The proposed PFSR algorithm follows essentially the flow of the basic INNG algorithm described above with reference to
I _{new} =I _{old}*exp(iΦ _{e}). [9]
where I_{old }and I_{new }represent the image values at each pixel in the central N×N region of (b) before and after the phase constraint, respectively. The region outside of the central N×N matrix is set to zeros, resulting in (c). An FT is performed on (c), leading to (d) which is an estimate of the phaseconstrained raw data. Then, the dataconsistency constraint is imposed on this data matrix, i.e., the data where the original data exist are replaced by the original data values, as shown in (e). An IFT is performed on (e). The updated reconstructed image again appears in the central N×N matrix (b). The procedures (b)→(c)→(d)→(e)→(b) (surrounded by dashed lines in
Invivo spiral imaging experiments were performed in the manner described above to demonstrate the performance of the proposed algorithm. Head images were scanned from a healthy volunteer using a 10 interleaved VDS. Each spiral trajectory has 4.5 turns in the central portion (radius 30% of k_{max}: the Nyquist criterion is satisfied in this region) and 5.25 turns in the outer regions of kspace (the Nyquist criterion is violated). TE/TR=6.0/31.0 ms, the slice thickness 10 mm. For image reconstruction N=256 and s=4. The PFSR algorithm was performed with 50 iterations. A conventional matrix resealing algorithm was also used as a standard reconstruction method for comparison. A comparative data set was also acquired with 20 interleaved constant density spiral trajectories (7.5 turns each). In the latter trajectory, the Nyquist criterion is satisfied for the entire kspace.
The reconstructed image quality in the conventional rectilinear partial Fourier reconstruction with POCS has been shown to depend on the estimated phase, which is also the case with the PFSR algorithm discussed above. The variabledensity spiral can sample the central region of kspace with little additional acquisition time as compared with a constantdensity spiral. In other words, the estimated phase map can be efficiently obtained with the use of a VDS in the PFSR technique. Constraint (ii) is difficult to apply when kspace data are sampled nonuniformly. However, the PFSR algorithm can overcome this difficulty since it uses large rescaled (i.e., rectilinear Kspace) matrices. Both constraints (i) and (ii) can be readily imposed on the data set at each of the iterations depicted in
According to another practice, a Block Regional OffResonance Correction (BRORC) can be employed as a fast and effective deblurring method for spiral imaging. Spiral acquisition techniques have advantages over other kspace trajectories because of their short scan time and insensitivity to flow artifacts, but suffer from blurring artifacts due to offresonance effects. A frequencysegmented offresonance correction (FSORC) method is commonly used to combat offresonance effects and reconstruct a deblurred image. In this algorithm, several kspace data sets are first created by demodulating the original data by several different frequencies; separate images are reconstructed from each demodulated kspace data set via 2D inverse Fourier Transform (IFT). Deblurred image regions are selected from the reconstructed images under guidance of a frequency field map. The final reconstructed image with offresonance correction is created by combining all deblurred regions selected from the appropriate demodulated image. The computational burden of FSORC is proportional to the number of demodulation frequencies used since the fast Fourier transform (FFT) is performed on each demodulated kspace data set. Hence, FSORC is often computationally intensive, particularly when a wide range of offresonance frequencies exists across a scanned object.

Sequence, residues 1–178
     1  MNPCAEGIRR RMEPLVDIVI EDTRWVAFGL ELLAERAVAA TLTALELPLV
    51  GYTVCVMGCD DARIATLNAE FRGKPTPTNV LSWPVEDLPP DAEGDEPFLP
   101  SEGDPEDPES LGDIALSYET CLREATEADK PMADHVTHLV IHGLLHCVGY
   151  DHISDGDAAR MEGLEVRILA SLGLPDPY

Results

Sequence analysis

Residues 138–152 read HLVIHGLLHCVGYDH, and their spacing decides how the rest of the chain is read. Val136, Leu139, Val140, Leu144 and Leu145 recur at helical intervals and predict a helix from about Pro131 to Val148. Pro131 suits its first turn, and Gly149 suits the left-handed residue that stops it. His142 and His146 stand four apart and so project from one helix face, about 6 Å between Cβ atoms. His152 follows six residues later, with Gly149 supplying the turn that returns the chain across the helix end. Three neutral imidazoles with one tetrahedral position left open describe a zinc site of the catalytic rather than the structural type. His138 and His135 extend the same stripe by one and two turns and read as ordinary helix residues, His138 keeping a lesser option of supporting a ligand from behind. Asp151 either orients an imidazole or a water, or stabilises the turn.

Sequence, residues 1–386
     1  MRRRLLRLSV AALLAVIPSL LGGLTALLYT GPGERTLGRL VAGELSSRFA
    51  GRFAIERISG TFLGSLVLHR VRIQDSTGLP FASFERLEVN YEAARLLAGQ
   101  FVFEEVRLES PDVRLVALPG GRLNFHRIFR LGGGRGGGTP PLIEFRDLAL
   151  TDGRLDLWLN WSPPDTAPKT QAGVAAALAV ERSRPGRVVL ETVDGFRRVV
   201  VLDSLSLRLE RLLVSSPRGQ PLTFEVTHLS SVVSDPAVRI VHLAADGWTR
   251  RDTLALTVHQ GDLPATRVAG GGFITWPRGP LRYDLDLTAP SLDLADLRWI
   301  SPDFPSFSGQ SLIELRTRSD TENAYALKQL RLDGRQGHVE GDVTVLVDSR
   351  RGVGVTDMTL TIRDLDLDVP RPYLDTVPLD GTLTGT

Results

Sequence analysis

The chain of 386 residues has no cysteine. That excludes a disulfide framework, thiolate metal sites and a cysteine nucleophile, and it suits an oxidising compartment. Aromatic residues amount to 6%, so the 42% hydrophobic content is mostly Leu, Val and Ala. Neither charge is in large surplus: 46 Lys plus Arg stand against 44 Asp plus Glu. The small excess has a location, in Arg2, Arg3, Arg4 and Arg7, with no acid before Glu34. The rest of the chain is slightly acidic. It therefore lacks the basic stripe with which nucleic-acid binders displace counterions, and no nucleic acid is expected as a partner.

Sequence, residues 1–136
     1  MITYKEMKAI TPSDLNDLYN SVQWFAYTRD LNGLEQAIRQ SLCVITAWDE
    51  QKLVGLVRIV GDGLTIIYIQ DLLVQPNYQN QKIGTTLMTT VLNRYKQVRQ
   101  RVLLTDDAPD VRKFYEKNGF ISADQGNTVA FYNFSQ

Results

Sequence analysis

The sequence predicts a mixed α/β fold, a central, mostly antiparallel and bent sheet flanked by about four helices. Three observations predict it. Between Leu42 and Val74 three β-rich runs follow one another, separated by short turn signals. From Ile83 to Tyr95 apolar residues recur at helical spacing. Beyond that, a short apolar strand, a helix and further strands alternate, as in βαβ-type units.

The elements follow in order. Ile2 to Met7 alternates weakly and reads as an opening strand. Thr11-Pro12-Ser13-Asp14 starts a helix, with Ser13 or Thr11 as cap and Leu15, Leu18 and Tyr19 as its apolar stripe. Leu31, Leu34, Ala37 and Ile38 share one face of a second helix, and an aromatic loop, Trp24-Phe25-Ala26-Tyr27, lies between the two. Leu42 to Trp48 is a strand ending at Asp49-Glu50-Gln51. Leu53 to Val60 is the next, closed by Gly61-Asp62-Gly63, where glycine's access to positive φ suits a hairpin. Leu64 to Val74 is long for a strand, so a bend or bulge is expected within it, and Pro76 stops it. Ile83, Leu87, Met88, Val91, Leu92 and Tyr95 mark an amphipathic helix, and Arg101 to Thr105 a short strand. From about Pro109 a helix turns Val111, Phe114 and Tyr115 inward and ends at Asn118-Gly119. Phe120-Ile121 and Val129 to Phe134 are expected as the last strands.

Other offresonance correction algorithms with improved computational efficiency use, for example, a linear field map which, however, can only correct for linear components of offresonance frequency variation. Therefore, residual frequency variations that deviate from the linear variation must be corrected with FSORC; hence several FFTs are usually required. In another conventional method called multifrequency interpolation (MFI), images are reconstructed using a reduced number of demodulation frequencies. Images requiring other demodulation frequencies are estimated from the limited set of demodulated/reconstructed images via interpolation. In MFI, the interpolation coefficients need to be precalculated. The total number of demodulation frequencies used in MFI is typically onefourth to onethird that of the conventional FSORC. Image domain deconvolution methods approximate the spiral time evolution function as a quadratic function with respect to a kspace radius. This enables correction via onedimensional deconvolution (along the x and y directions) in the image domain since separable demodulation functions along the x and y directions can be formed. However, image quality degradations beyond those associated with FSORC may result when the difference between the actual spiral time evolution function and the approximated quadratic function cannot be ignored.
Accordingly, to improve image reconstruction, a novel fast offresonance correction method, (a.k.a., ‘Block regional offresonance correction (BRORC)’) is presented. In this method, offresonance correction proceeds blockbyblock through the reconstructed image, and FFTs are performed on matrices that are smaller than the full image matrix. Although the computational cost of BRORC relative to that of FSORC depends on the selection of the parameter values in these algorithms, the BRORC is usually computationally more efficient than FSORC. Furthermore, greater reduction of the computational costs can be expected in BRORC if only particular regions of the image need to be deblurred.